Sunday, January 31, 2010

The Heat Pump Is Blowing Cold Air!

The Heat Pump Is Blowing Cold Air!!

Three weeks ago Lynn and I did a blog on “Staying Warm”. We ended that blog by saying that Mother Nature had been very good to Bulgaria so far this winter because it had been unseasonably warm. We never should have said that! Within a couple days of posting the blog, all of Bulgaria settled into one of the worst cold spells in a decade. But – like with so many other things here – we learned several new things.
First – we have a new Climatique (a heat pump). Most of the new (and upgraded) apartments have these. They are great. They take the heat from the outside, amplify it, and blow it into your home. In the summer, they reverse the process, and they are air conditioners. However, if the outside air is very very cold (down around 0) and dry, then they can freeze up, or just not work correctly. Every so often ours would make “grinding sounds”, and would blow cool/cold air. Once we even saw it blowing a white mist into the room. Thankfully this did not happen often.
Second – Small 20 dollar space heaters are awesome! Lynn bought one of these in December. It was on sale, and seemed like a good idea. Actually – it was a great idea! When the big system was blowing cold air, we carried this little “turbo heater” into the room, and it warmed things up. We also used it in our bed room (which does not have heat) to keep it warmer during the night.
Third – Bathrooms in Bulgaria are NOT heated. Most bathrooms are in the center of the building, and have a water tank heater in the room. Since the bathroom doubles as a shower stall, the idea is to just take a shower to heat up the room. But if you want to use the bathroom for other things early in the morning, or in the middle of the night; it can be awfully cold. I also found out that many folks in Bulgaria just don’t clean up much in very cold weather.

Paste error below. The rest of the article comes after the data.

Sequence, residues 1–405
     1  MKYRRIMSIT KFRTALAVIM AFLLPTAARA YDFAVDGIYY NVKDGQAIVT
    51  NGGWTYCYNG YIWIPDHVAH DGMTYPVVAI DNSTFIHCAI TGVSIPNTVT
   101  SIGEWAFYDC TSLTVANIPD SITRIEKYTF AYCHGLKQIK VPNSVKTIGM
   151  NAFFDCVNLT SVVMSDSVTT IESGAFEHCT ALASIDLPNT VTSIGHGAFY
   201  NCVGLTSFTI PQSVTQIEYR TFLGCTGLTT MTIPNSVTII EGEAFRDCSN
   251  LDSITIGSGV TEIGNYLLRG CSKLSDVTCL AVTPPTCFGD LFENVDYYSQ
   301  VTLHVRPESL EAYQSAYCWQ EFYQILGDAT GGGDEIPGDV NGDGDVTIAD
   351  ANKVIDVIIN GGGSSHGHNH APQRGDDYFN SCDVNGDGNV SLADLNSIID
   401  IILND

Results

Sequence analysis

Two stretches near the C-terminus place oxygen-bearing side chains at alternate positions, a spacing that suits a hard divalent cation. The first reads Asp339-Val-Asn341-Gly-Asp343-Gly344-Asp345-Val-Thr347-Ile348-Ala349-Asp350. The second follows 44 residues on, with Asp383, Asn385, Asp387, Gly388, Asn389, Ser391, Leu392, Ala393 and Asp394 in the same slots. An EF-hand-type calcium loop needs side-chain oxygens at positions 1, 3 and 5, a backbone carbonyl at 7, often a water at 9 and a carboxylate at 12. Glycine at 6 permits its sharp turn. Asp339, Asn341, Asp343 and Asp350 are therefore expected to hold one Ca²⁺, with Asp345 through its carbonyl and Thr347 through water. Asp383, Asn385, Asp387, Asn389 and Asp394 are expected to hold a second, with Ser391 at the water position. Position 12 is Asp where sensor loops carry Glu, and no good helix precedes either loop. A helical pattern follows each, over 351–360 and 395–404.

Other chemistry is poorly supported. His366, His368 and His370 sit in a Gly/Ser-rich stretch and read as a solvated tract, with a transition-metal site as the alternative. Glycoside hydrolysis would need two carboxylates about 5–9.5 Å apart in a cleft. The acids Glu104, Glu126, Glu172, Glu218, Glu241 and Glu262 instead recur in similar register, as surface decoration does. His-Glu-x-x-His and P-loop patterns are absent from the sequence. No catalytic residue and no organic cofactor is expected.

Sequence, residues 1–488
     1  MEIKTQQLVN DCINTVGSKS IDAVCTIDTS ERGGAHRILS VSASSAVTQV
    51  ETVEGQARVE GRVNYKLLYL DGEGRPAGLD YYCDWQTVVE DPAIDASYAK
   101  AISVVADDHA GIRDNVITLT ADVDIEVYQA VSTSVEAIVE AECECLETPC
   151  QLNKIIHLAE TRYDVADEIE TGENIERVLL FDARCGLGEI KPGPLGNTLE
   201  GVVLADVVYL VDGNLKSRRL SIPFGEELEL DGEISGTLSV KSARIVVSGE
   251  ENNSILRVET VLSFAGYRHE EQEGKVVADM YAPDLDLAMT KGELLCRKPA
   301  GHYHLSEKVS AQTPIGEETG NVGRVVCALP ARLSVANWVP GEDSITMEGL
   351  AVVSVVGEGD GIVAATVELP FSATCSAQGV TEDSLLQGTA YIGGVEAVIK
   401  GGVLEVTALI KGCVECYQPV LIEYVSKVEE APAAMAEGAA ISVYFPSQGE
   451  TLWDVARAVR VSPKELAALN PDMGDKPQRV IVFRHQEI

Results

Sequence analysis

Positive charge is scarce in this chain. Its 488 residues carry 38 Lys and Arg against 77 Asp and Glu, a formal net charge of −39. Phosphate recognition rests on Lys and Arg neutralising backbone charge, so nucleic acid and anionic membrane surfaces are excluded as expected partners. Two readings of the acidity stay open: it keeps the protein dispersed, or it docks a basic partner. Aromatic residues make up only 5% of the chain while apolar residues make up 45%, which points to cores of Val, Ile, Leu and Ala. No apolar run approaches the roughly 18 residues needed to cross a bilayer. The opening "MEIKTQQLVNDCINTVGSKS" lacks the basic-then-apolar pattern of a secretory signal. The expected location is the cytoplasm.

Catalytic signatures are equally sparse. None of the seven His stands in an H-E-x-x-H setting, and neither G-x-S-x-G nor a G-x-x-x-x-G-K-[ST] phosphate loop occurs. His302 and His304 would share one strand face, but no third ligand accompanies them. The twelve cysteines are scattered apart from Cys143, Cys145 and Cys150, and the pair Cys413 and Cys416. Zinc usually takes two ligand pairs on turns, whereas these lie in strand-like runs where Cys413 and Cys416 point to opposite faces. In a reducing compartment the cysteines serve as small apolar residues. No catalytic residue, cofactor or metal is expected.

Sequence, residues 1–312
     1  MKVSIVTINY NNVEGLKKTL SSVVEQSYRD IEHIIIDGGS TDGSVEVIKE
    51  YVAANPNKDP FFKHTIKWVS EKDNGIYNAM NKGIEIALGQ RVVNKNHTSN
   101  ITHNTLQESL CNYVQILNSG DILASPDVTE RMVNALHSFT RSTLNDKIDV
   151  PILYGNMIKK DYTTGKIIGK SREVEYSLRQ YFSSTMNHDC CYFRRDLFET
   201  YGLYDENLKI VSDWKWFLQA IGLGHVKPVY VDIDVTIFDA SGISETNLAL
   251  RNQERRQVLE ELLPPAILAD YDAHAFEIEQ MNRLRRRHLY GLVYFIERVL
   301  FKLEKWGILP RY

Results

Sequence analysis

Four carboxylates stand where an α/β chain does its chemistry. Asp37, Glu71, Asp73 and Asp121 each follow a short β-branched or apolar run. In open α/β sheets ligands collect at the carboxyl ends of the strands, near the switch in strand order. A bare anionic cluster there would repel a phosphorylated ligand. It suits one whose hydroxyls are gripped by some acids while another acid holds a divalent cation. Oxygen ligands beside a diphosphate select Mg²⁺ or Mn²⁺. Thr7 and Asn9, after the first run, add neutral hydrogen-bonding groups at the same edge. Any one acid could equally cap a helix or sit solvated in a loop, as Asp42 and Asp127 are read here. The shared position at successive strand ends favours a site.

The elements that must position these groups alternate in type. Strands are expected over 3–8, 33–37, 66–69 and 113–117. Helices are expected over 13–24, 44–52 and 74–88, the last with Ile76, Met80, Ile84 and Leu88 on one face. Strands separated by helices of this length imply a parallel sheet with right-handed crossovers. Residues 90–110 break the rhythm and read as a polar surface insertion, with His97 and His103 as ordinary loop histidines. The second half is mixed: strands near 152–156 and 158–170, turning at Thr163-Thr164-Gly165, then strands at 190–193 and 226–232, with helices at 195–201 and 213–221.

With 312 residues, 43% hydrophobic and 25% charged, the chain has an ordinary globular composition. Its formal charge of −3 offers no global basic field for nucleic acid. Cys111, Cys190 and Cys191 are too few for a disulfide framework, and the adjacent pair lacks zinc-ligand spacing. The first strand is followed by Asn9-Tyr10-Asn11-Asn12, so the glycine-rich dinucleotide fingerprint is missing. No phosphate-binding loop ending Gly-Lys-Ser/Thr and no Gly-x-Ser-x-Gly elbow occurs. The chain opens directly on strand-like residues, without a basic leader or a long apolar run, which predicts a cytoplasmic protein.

Fourth – those big communist marble buildings that do not have any central air conditioning in the summer don’t have any heat in the winter. There is one big university cafeteria that we visit often. There is no heat in the building. Everyone eats with their coats on! Since the food gets cold pretty quick, we only went there once this month.
Last – if you spend most of the day with your shoulders “crunched” up around your ears, your shoulder muscles tend to get pretty sore by the end of the day. Thankfully, we figured that out quickly, and stopped doing it.
All of these things were really very minor. We know there are many folks home in the US who have been colder than we were this month. We were really in very good shape. We were warm most of the time with very little change to our routines and life. However, we know that was not the case for many other volunteers. We talked to one volunteer who is living in the mountains south of us, and his water pipes had frozen five days before. He had no water, and was not sure how to fix them. Others were living in sleeping bags much of the time. If you want to get a real sense of what life is like for most volunteers here during the winter check out this blog entry.
Lynn was seeing many of the people in the mahala getting bags of coal from horse-drawn carts that constantly went around the streets. I was working in a new site with a large wooded area across the street. There were people over there all the time looking for dead pieces of wood they could take out.
In the last two days, the weather has gotten more normal, and the ice is melting. And the heat pump is working correctly again! We hope the real cold is done for the winter, but this time, I don’t think we will say that. February is still winter – even in Bulgaria!


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